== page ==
And if the alternative is that we should bring Iran to heel through military force, then those critics should say so.  And that will be an honest debate.

All right.

Q    Mr. President, if I can —


Q    Prime Minister Netanyahu said that you have a situation where Iran can delay 24 days before giving access to military facilities —

THE PRESIDENT:  I’m happy to — that’s a good example.  So let’s take the issue of 24 days.  This has been I think swirling today, the notion that this is insufficient in terms of inspections.

Now, keep in mind, first of all, that we’ll have 24/7 inspections of declared nuclear facilities — Fordow, Natanz, Arak, their uranium mines; facilities that are known to produce centrifuges, parts.  That entire infrastructure that we know about we will have sophisticated, 24/7 monitoring of those facilities.

So then the issue is, what if they try to develop a covert program?  Now, one of the advantages of having inspections across the entire production chain is that it makes it very difficult to set up a covert program.  There are only so many uranium mines in Iran.  And if, in fact, we’re counting the amount of uranium that’s being mined and suddenly some is missing on the back end, they got some explaining to do.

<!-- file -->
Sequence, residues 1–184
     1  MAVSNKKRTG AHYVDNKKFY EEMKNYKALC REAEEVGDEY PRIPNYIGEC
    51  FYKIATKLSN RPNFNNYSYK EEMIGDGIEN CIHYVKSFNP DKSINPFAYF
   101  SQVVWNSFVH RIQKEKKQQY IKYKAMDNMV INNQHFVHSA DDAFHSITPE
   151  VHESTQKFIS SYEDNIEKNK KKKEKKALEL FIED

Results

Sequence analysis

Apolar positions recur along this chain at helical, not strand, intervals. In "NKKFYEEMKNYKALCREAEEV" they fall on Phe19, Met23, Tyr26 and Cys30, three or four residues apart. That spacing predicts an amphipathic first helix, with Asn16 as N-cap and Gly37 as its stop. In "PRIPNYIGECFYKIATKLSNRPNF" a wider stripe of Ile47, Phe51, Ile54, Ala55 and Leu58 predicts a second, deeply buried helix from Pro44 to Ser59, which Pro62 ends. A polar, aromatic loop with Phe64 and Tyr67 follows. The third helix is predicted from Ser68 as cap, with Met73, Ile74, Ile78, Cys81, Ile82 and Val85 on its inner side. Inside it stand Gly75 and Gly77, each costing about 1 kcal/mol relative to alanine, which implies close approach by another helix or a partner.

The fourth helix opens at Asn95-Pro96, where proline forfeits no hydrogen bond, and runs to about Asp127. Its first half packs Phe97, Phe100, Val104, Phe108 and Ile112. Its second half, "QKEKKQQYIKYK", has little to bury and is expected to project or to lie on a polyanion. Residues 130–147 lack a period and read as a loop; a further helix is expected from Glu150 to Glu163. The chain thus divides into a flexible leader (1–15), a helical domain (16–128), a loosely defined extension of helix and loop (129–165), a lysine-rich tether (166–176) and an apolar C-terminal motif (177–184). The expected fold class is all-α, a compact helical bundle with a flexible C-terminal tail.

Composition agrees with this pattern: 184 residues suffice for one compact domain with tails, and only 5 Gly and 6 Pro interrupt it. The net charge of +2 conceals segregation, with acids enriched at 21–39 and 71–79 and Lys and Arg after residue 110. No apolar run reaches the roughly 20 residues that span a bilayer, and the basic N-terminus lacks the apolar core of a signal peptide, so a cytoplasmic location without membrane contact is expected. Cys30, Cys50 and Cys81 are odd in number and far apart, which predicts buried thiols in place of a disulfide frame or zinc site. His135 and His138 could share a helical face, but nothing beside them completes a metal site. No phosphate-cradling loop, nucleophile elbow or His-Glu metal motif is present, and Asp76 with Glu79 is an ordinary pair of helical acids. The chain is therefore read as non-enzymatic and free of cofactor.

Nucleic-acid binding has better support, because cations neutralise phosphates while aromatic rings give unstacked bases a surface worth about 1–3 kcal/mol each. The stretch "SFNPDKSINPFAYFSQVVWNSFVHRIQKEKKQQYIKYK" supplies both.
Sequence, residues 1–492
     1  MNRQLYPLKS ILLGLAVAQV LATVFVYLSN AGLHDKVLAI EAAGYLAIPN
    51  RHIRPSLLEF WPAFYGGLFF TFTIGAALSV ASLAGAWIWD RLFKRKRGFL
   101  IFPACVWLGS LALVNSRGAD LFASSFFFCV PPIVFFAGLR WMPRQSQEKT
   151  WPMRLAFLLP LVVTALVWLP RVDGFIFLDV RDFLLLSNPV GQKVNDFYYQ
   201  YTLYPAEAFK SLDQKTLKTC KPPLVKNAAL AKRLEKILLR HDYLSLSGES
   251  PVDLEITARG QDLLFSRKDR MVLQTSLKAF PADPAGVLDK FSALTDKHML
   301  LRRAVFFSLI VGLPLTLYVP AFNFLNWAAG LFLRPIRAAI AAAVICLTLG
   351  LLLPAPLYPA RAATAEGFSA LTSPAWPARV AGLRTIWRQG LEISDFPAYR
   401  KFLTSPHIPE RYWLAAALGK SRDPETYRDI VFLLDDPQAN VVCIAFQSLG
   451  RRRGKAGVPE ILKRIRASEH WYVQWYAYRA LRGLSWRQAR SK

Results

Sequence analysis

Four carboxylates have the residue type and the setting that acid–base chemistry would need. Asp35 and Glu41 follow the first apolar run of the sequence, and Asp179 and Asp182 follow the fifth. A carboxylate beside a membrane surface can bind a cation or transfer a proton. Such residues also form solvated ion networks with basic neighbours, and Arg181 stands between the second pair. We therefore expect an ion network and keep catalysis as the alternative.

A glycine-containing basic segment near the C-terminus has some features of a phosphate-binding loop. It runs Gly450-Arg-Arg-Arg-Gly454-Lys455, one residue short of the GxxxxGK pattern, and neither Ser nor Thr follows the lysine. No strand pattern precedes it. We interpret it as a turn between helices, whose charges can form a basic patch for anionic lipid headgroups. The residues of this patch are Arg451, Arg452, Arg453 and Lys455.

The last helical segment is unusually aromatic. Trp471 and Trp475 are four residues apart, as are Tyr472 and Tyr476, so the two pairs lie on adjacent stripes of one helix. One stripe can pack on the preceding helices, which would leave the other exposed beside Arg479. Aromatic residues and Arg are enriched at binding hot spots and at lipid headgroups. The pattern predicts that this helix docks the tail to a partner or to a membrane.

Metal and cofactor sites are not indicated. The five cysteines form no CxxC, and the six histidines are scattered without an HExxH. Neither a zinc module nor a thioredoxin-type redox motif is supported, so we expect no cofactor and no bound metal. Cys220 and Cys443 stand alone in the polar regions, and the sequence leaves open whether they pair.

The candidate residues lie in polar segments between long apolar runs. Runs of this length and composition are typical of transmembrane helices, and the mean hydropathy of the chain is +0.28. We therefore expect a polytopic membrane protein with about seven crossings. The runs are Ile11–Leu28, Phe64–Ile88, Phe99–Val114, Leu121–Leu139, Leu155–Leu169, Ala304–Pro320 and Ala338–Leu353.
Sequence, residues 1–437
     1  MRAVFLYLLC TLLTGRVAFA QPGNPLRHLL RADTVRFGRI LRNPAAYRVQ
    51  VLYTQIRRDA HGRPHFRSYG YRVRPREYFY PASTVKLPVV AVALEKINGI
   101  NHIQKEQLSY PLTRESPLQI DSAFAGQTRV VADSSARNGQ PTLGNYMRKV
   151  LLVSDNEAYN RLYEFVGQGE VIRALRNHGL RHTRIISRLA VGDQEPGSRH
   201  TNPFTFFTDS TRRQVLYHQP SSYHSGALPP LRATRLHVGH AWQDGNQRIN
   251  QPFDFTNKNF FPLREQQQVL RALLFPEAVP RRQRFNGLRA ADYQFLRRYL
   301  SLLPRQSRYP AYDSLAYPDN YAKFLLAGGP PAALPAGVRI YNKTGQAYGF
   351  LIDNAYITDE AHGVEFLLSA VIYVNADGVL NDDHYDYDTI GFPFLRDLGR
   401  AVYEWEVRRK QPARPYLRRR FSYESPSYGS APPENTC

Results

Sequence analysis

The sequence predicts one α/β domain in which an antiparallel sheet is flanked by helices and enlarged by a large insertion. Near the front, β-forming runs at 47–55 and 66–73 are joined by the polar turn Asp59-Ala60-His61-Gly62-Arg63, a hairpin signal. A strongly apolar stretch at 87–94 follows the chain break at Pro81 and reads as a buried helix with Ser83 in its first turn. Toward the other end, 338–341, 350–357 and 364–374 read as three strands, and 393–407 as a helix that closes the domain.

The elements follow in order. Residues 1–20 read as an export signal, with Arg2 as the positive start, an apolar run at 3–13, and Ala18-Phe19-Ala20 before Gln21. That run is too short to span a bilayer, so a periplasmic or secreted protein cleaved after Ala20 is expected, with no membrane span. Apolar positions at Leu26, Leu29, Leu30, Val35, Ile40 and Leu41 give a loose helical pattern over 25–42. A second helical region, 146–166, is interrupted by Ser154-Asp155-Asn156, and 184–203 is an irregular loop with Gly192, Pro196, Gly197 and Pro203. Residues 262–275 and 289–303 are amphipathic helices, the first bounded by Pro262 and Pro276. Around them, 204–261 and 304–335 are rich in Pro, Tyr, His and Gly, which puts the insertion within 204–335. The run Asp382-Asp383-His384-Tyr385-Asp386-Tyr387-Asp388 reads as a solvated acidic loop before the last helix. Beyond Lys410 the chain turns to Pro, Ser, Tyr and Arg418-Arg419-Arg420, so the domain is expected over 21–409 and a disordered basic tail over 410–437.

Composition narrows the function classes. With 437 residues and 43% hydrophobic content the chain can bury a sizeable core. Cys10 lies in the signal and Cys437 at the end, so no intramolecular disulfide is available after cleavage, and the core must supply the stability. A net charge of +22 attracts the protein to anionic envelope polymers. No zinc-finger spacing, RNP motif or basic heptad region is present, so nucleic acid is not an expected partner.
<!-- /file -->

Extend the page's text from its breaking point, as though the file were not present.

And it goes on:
So we’re able to track what’s happening along the existing facilities to make sure that there is not diversion into a covert program.  But let’s say that Iran is so determined that it now wants to operate covertly.  The IAEA, the international organization charged with implementing the non-proliferation treaty and monitoring nuclear activities in countries around the world — the IAEA will have the ability to say, that undeclared site we’re concerned about, we see something suspicious.  And they will be able to say to Iran, we want to go inspect that.

Now, if Iran objects, we can override it.  In the agreement, we’ve set it up so we can override Iran’s objection.  And we don’t need Russia or China in order for us to get that override.  And if they continue to object, we’re in a position to snap back sanctions and declare that Iran is in violation and is cheating.